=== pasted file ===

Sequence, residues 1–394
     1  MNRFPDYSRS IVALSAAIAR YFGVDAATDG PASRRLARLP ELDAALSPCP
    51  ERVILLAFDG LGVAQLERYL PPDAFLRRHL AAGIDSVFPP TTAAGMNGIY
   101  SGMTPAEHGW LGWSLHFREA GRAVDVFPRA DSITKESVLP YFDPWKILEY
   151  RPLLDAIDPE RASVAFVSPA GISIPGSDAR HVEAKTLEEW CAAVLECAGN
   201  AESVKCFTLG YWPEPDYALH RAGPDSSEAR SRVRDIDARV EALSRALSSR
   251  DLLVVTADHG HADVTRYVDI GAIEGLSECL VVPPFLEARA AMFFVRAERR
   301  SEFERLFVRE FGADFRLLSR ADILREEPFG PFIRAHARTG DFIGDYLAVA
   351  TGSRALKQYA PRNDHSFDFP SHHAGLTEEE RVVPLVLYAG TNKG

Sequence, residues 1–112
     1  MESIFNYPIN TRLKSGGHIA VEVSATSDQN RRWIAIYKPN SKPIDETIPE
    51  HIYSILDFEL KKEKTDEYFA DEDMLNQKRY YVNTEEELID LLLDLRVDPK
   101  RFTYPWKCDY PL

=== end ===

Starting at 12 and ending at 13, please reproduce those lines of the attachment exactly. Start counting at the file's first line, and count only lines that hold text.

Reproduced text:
    51  HIYSILDFEL KKEKTDEYFA DEDMLNQKRY YVNTEEELID LLLDLRVDPK
   101  RFTYPWKCDY PL